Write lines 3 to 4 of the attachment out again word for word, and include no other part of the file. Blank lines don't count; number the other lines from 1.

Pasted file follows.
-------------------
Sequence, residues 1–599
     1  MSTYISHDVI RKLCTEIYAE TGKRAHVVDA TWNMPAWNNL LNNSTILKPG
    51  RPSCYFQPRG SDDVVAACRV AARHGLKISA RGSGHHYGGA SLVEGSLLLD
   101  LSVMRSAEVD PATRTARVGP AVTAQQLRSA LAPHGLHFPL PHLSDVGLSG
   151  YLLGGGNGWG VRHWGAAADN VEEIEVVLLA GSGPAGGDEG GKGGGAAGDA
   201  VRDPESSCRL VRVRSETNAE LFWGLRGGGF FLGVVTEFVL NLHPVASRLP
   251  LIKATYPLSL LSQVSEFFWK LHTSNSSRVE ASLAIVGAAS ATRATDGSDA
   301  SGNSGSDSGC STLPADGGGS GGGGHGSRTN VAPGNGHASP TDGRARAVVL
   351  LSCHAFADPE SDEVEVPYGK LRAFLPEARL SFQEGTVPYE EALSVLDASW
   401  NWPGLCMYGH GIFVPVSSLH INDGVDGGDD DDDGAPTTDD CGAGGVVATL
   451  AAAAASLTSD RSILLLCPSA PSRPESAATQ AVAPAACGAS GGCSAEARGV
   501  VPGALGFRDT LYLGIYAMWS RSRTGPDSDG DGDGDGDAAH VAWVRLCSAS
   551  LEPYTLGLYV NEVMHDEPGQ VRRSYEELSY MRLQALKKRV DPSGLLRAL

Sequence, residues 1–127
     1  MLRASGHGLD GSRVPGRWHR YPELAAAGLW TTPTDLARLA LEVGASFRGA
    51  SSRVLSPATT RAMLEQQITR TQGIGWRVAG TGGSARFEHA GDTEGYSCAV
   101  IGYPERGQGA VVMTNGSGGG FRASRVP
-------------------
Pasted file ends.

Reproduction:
    51  RPSCYFQPRG SDDVVAACRV AARHGLKISA RGSGHHYGGA SLVEGSLLLD
   101  LSVMRSAEVD PATRTARVGP AVTAQQLRSA LAPHGLHFPL PHLSDVGLSG